Hormone Therapy During Gender Transition May Worsen Risk For Heart Attack, Stroke, Blood Clots

DALLAS — People who receive hormone therapy while undergoing gender transition face an increased risk of suffering from potentially deadly heart conditions, according to a study published by the American Heart Association.

The research, carried out by a team of Dutch researchers, showed that hormone treatments worsen one’s risk for several cardiovascular issues including strokes, heart attack, and blood clots in individuals undergoing transition.

These results are based on the analysis of medical records of 3,875 Dutch patients (2,517 transgender women and 1,358 transgender men) who received hormone treatment between 1972 and 2015 as a part of their gender transition process.

Transgender women had more than twice as many strokes as women and nearly twice as many strokes as men. More than twice as many transwomen patients also suffered heart attacks compared to women, and five times as many blood clots. Conversely, transgender men were three times as likely to suffer a heart attack compared to women.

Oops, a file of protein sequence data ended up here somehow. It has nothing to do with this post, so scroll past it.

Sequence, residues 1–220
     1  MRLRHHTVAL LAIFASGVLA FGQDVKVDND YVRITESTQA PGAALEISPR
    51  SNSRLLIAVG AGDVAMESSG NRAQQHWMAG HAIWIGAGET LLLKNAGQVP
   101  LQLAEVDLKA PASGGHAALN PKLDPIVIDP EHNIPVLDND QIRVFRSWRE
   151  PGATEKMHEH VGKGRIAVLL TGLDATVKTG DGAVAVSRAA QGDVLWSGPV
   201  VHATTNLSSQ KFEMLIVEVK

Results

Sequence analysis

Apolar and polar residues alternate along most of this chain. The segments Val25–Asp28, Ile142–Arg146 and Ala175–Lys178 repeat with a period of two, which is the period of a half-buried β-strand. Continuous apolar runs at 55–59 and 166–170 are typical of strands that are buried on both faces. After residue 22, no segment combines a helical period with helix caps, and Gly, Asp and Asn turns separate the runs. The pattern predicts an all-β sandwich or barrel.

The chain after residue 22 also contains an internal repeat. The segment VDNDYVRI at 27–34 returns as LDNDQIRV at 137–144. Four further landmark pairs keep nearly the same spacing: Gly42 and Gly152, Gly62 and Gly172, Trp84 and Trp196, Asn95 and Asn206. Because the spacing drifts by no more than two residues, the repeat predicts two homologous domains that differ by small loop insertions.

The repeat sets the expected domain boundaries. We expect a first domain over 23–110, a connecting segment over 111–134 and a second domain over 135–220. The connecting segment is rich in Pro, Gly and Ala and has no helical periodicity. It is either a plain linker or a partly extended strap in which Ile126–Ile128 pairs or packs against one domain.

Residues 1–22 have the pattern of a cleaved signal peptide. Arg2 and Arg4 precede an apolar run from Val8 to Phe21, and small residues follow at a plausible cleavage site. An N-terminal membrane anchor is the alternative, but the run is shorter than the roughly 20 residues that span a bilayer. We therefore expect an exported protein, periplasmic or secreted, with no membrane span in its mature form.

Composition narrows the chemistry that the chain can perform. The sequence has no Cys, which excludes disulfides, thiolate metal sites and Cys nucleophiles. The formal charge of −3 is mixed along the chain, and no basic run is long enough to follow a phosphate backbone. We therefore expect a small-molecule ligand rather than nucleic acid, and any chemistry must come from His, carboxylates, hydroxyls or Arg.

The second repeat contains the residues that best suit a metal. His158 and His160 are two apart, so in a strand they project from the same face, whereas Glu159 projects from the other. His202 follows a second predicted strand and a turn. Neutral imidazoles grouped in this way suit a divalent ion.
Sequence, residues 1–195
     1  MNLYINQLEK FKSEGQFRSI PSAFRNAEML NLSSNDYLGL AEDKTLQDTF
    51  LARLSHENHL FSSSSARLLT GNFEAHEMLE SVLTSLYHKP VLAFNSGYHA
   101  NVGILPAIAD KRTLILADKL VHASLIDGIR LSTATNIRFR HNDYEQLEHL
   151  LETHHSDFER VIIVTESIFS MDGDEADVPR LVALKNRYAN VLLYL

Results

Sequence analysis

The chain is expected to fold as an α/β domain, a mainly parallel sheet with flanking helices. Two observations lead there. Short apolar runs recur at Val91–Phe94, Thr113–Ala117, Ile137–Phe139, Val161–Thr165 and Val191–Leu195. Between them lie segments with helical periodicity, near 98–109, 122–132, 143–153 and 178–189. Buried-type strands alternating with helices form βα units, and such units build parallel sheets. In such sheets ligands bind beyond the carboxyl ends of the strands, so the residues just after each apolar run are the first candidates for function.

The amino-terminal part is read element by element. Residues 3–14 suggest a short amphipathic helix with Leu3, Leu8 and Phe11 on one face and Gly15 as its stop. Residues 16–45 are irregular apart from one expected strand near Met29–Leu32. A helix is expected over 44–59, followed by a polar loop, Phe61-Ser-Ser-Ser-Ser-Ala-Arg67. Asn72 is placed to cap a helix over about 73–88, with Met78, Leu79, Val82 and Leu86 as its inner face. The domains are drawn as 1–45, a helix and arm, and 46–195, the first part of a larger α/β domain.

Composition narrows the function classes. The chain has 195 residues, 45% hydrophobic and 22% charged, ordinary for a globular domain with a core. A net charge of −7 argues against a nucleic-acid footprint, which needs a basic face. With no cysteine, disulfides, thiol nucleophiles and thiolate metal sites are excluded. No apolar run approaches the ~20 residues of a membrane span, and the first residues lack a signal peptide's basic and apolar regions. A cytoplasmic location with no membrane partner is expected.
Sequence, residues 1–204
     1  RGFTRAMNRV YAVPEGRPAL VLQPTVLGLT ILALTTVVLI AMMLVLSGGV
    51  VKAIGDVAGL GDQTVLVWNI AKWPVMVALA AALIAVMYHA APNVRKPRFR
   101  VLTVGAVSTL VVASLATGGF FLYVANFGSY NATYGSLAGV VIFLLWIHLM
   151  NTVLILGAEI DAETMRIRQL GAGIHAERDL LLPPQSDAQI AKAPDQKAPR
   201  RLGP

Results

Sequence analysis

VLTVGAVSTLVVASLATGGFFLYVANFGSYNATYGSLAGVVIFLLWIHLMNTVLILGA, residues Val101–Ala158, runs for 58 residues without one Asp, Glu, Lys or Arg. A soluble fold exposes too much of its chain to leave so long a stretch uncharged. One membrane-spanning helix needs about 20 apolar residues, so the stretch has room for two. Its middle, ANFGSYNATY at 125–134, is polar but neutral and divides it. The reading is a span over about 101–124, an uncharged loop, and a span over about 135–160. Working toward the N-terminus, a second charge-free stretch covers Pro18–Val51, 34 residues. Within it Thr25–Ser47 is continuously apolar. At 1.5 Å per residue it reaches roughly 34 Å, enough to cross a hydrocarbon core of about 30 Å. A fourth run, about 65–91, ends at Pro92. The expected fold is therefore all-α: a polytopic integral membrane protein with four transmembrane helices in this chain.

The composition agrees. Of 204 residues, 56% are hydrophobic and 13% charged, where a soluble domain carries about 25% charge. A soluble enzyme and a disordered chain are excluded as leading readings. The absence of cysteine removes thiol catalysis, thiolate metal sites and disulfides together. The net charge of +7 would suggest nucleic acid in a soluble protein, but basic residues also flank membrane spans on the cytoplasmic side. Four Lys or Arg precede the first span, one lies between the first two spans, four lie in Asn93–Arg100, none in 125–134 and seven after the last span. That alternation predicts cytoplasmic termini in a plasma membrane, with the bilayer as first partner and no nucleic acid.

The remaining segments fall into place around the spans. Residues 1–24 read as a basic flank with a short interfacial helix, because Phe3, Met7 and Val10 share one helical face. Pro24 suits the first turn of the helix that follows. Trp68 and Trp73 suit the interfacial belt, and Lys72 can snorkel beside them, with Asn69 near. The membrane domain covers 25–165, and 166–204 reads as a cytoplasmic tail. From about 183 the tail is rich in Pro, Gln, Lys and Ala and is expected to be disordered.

“In light of our results, we urge both physicians and transgender individuals to be aware of this increased cardiovascular risk,” says study author Dr. Nienke Nota, a researcher in the endocrinology department at the Amsterdam University Medical Center, in an AHA release. “It may be helpful to reduce risk factors by stopping smoking, exercising, eating a healthy diet and losing weight, if needed before starting therapy, and clinicians should continue to evaluate patients on an ongoing basis thereafter.”

Previous research showed that hormone therapy increases cardiovascular health risks among people receiving it for menopause symptoms, but this study remains one of the few that focuses on the effects of hormone treatment in transgender individuals. Despite these individuals tending to be younger on average than menopausal patients, transgender people appear to have more psychosocial stressors than others that increase cardiovascular risk.

The researchers stress that their findings were based on a review of medical records and research, and did not account for other factors in cardiovascular disease such as smoking, drinking, exercise habits, and psychological factors.

The study was published in the American Heart Association publication, Circulation.

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